Although childhood stress has negative effects throughout adult life, there are things you can do to limit the stress that you or your children are experiencing now. Whether you’re suffering from current or childhood stress induced issues, it helps to consider the entire system through which your body handles stress so that you can discover different possible solutions.
The main system that handles stress is known as the NeuroEndoMetabolic (NEM) Stress Response. This is a larger system that encompasses the HPA axis as well as other aspects of the body. Many people wonder why they tend to gain weight when they are under intense pressures at work or home, and the blame can often be put on the NEM Stress Response. This is due to it’s influence on parts of the metabolism, including the thyroid gland.
There are many ways the effects of AFS and the NEM tie into pathways to recovery.
For early childhood stress especially, a good diet goes a long way toward helping cope with your stress response. If your body doesn’t have enough nutrients to produce the necessary hormones for a healthy stress response, you won’t be able to recover properly, and your body will be drained. The simple solution is to implement slow changes to diet, replacing things like artificial sugars with more healthy alternatives such as fruit and honey, as they provide added benefits besides being sweet.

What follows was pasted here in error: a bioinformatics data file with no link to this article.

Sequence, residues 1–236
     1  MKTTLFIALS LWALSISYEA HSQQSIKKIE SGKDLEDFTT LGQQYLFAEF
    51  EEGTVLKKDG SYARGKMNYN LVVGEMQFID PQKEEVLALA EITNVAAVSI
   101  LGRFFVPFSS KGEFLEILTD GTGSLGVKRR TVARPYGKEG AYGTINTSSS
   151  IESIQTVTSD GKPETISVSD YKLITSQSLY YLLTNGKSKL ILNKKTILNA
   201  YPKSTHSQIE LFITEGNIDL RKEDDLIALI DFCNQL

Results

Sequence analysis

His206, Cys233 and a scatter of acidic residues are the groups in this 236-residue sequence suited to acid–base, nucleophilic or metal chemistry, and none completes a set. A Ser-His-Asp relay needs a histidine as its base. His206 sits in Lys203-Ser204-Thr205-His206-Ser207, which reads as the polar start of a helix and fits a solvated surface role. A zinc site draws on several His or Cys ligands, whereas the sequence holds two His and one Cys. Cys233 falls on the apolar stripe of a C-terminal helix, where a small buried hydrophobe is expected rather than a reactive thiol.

Good sleep schedules are also something that can aid massively in stress reduction. It is difficult to recover from chronic stress if you are not getting the rest that you need to rejuvenate your body. This goes the same for children. A child that isn’t getting adequate sleep is going to be much more likely to experience childhood stress above a healthy threshold.
Resetting Your HPA Axis